Art Therapy: Engaging in creative activities like drawing, coloring, or painting can provide a therapeutic outlet for emotional expression and help alleviate distress.

Listening to Music: Playing calming music or soothing sounds can promote relaxation and shift focus away from intense emotions.

Journaling: Writing down thoughts and feelings in a journal can provide an outlet for emotional expression and help one gain insight into their emotions.

Social Support: Engaging in conversations with supportive friends, family members, or support groups can provide emotional comfort and an outlet for sharing feelings.

Aromatherapy: Certain scents, like lavender or chamomile, are known for their calming effects. Using essential oils or scented candles during relaxation exercises can enhance their effectiveness.

Remember that the exercises should be adapted to your mom's abilities and preferences. It's also important to consult with a healthcare professional before starting any new exercise routine to ensure that the activities are safe and appropriate for their specific condition and stage of recovery.

If her symptoms persist or are interfering with her daily life, I would suggest consulting with her MD or a neuropsychologist.




Click here to post comments

Treatment Tips from Others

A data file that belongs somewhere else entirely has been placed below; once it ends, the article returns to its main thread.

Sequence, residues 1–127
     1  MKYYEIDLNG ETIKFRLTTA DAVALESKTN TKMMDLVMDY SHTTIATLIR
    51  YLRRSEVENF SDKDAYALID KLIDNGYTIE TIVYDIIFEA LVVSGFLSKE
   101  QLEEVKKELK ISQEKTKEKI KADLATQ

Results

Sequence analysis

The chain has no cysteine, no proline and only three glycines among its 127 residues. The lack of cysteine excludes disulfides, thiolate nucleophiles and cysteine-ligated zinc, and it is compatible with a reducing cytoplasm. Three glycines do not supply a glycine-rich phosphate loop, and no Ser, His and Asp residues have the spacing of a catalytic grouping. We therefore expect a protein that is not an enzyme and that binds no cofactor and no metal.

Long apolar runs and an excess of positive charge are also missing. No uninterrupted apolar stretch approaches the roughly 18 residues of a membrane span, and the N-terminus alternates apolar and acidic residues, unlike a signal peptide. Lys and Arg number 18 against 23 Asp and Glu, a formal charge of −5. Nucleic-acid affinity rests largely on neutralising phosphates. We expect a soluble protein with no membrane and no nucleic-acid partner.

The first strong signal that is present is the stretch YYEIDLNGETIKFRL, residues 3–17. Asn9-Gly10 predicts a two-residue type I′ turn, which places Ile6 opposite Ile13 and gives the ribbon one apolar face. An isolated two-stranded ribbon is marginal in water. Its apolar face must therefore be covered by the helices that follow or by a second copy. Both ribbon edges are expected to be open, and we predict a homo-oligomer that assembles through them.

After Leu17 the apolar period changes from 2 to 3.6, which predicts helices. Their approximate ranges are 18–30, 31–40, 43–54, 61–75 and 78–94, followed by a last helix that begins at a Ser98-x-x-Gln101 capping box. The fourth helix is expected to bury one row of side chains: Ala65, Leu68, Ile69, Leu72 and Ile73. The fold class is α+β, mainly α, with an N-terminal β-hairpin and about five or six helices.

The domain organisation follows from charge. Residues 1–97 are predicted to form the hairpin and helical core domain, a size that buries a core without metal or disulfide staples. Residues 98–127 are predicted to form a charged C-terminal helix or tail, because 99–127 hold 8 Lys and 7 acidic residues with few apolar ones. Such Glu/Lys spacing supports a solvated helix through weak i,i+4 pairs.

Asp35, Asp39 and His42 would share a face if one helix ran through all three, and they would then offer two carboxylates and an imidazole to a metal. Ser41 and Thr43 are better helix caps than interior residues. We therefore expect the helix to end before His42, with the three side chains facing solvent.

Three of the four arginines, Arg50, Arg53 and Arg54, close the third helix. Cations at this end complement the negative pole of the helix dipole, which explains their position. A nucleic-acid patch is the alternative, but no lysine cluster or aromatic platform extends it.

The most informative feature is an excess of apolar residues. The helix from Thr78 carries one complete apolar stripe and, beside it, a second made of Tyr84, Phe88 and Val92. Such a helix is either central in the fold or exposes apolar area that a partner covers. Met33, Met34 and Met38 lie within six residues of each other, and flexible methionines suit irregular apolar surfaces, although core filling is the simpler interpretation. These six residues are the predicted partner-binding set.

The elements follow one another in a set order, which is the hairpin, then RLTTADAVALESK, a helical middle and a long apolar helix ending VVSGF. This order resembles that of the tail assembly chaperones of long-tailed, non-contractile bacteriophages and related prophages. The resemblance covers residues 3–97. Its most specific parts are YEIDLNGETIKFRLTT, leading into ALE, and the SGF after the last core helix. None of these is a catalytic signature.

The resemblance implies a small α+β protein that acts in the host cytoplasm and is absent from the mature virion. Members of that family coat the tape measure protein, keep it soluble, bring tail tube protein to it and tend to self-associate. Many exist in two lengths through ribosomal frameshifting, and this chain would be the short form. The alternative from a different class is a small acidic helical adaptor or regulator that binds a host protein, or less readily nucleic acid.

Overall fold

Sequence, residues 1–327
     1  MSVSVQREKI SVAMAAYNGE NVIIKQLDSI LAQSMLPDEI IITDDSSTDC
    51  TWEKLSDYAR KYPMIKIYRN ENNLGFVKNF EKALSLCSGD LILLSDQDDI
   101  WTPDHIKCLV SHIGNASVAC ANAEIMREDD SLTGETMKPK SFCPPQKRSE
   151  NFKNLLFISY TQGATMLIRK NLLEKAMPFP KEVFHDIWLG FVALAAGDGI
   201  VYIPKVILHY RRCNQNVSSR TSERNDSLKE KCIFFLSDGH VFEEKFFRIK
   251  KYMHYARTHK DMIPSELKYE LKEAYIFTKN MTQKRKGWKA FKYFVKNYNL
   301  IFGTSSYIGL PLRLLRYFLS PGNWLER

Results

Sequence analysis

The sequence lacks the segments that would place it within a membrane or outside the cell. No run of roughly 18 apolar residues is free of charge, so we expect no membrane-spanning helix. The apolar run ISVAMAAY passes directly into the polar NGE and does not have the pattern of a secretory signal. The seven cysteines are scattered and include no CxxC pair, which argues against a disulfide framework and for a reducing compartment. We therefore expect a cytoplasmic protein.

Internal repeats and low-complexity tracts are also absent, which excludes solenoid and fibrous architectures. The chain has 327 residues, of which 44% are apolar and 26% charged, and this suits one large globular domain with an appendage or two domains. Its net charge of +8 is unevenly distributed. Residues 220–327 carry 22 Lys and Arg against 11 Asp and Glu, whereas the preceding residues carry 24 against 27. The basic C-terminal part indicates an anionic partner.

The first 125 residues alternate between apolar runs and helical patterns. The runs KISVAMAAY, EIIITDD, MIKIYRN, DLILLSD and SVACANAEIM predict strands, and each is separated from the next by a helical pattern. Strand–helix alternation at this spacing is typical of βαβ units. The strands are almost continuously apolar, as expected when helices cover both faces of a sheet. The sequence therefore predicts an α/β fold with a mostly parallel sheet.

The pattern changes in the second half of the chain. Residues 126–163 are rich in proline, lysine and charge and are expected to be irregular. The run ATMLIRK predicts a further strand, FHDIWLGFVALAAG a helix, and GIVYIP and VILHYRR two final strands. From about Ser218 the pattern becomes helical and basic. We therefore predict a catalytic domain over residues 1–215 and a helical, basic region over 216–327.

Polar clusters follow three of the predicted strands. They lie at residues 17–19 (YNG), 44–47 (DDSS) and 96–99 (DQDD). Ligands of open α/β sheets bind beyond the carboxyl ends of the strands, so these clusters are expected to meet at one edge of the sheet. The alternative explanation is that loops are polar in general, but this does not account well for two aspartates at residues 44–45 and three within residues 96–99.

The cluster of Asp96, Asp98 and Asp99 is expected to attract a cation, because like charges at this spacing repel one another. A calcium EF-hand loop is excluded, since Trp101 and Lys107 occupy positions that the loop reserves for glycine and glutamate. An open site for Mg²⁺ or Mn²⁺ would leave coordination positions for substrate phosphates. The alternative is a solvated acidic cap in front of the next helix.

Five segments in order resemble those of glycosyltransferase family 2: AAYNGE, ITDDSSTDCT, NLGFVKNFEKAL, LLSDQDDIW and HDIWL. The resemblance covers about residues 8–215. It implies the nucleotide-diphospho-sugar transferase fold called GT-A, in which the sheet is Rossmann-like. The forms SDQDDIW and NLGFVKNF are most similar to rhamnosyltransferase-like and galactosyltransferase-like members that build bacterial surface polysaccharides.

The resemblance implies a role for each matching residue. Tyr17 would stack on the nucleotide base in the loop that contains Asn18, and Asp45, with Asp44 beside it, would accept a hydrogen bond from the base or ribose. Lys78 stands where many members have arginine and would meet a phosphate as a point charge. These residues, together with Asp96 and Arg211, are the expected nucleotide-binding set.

To see tips from other survivors and caregivers about their treatment recommendations, click here.

Newsletter Sign Up

Receive Stroke Recovery Tips, our online quarterly newsletter. Sign up below for free tips on exercises, resources, latest technology, apps, research and more!

To view past issues of Stroke Recovery Tips, visit  https://www.stroke-rehab.com/Stroke-Recovery-Tips-BackIssues.html



Stroke Rehab Guide

If you are looking for a comprehensive guide to stroke, including education, exercises, and FAQs from stroke patients, check out the Stroke Rehab Guide: 

--->PDF Download<---

Stroke Rehab e-book pdf



Many hours are spent by the author developing, updating, and maintaining this website. If you would like to make a donation to Stroke-Rehab.com to help with website development and upkeep, you can do so here. Thank you for your support and for helping others to receive quality stroke rehabilitation information! 



Shop Rehab Products at Amazon